I am riding home from my mother’s place in Massachusetts. In the car is Suki, my perfect dog in her car seat, which is secured next to me, in the passenger seat. A cooler filled with leftovers is on the floor under Suki, and wedged in next to it, so it shouldn’t tip over, is an old houseplant, a variegated philodendron that’s seen better days.
It was the annual weekend celebration of my Mother’s birthday. Which also marks the end of the summer season and the closing down of her condo in the Berkshires until next May.
Last year, as we were abandoning the place for the winter, at the last minute, I threw the plant in my car, hating to think of it perishing along with the annuals that, by October, are over-blossoming beyond the tops of the planters and hanging baskets on my mother’s porch. I am not a plant person. Plants do not talk to me. In fact, my friends know me for killing plants, not intentionally; they no longer give me seedlings or bulbs or potted herbs that they all fuss over and trade among each other. But I took that plant off my mother’s porch, and home with me, back in the fall of 2011, perhaps because Marika had died that year and I couldn’t let a single other thing die. I couldn’t save my daughter but there was a plant that I could save from death. Maybe.
When I got home from my mother’s last October, I put the plant smack in the middle of the dining room table. It was only a week later that I started writing my book. The plant was there on the table in the corner of my house overlooking the pond as piles of papers and tissues and chapters started growing up around it. And it started growing around the photo of Marika that I would talk to when I wasn’t talking to Suki who, when I write, lays under the table on a blanket by my feet. During the eight months the plant was there, the cat nibbled on it, the vine grew tighter around the photo of Marika, and its leaves grew more green with their fine white lines getting more defined.
In May, I took the plant back to my mother’s house in Massachusetts when I drove her up to open the place for the new season. The spot on my table that had been occupied by the plant quickly grew over in papers and I did not miss that plant. And another summer went by in a blink. Soon I was back for another birthday and another locking up of the house.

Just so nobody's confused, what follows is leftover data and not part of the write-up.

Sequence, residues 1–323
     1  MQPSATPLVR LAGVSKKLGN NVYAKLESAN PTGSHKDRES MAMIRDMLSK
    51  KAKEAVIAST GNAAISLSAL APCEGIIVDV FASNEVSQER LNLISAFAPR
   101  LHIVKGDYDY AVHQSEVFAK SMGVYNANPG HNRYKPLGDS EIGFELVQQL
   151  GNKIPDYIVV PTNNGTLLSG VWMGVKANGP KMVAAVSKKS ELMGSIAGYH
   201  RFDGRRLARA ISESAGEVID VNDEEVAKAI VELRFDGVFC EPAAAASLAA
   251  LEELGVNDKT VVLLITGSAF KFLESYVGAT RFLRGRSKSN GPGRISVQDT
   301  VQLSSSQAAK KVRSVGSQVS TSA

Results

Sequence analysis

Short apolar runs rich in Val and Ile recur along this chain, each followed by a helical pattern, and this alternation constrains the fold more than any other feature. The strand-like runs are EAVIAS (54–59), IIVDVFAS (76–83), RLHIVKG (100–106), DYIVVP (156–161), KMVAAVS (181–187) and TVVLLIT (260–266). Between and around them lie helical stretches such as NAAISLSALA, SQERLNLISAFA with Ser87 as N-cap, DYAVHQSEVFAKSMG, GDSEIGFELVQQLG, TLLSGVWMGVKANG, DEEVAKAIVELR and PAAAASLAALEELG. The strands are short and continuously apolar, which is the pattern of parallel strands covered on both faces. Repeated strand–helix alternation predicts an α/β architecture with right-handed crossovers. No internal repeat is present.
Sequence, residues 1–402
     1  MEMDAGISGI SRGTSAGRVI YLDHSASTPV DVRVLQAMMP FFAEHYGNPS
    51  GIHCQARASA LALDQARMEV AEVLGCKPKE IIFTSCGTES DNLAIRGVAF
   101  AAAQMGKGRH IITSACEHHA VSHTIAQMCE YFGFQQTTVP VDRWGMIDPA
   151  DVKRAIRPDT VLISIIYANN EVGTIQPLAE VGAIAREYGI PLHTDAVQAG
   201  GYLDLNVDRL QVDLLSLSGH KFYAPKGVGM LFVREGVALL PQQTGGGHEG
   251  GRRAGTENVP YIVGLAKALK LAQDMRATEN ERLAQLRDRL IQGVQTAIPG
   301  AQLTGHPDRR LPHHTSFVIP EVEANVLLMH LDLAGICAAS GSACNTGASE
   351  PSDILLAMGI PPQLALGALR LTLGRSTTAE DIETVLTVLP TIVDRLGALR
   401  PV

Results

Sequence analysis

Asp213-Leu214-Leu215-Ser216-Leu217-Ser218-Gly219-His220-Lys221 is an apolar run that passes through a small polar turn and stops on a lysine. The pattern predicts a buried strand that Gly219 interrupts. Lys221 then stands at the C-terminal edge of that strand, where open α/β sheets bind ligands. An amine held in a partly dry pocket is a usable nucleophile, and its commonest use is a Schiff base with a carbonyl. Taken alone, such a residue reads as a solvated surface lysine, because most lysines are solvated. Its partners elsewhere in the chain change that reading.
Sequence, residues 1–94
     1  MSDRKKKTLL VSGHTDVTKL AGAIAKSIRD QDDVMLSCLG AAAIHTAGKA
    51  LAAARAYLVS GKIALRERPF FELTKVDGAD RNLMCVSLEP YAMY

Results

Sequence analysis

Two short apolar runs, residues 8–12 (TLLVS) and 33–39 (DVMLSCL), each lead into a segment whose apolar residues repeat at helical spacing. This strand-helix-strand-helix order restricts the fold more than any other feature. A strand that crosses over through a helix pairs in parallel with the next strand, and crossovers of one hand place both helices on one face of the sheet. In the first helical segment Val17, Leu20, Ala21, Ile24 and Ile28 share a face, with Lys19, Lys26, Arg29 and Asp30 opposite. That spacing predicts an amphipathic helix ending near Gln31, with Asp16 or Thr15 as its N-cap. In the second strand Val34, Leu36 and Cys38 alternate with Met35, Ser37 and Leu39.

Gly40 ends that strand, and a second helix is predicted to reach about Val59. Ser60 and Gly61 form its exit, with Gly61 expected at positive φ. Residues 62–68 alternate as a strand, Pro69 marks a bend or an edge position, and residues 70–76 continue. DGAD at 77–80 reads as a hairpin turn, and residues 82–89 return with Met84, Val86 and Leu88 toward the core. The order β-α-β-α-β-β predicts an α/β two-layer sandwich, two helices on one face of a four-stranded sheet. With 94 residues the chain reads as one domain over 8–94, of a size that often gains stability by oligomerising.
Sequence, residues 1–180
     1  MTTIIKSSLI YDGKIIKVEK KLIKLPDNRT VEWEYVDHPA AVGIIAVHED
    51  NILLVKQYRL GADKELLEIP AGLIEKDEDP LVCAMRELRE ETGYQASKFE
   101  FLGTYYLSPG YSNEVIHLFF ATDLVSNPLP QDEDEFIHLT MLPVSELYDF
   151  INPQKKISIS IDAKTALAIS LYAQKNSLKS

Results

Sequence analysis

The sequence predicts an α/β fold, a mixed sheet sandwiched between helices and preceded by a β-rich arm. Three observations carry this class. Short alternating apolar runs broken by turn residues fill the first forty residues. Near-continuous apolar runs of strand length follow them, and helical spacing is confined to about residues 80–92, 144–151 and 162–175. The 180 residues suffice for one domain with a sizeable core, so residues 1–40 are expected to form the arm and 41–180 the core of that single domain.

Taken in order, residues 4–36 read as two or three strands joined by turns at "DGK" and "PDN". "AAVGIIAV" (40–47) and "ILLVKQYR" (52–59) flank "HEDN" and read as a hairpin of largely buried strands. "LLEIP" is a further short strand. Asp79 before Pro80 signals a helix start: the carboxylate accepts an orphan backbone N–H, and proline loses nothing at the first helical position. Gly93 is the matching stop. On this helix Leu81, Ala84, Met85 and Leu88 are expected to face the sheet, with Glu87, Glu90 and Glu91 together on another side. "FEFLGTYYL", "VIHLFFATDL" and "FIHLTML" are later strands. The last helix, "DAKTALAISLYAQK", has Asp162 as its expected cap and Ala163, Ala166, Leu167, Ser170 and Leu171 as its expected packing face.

The plant waited in its place on the porch as I spent a jolly weekend with my sister and my mother and her neighbor, Pearl, who was also our neighbor fifty years ago on Long Island. Our houses there were separated only by a small rock garden where the daughters would picnic, bury dead birds and play. My mother and Pearl have spent so many summers in the Berkshires, in their adjacent homes, that neither knows who followed the other there. Mostly now, it is Pearl who does the following as my mother takes her to restaurants, to shows, to some of their old favorite places, shuffling slowly and carefully with her, making sure the cane and the coat are not forgotten, left.
The plant looked at me this time. If a plant can have a questioning look, this one did. It had paled over the last five months on this shaded porch. It had not grown. I consider for a while. Because I am not a plant person and that spot it occupied on my table has long since grown over and who knows what kind of insects are living among the plant’s leaves and roots. I come up with a hundred reasons to leave this plant behind.
Sunday morning the car is all packed up for my trip back home to Ithaca. Suki is secured in her car seat and I say my goodbyes to my mother and to Pearl. It is my time to wonder who will or will not be back here next summer. I pick the plant up carefully and carry it to the floor of the passenger seat below Suki. So here I am, bringing an old friend home again for the winter.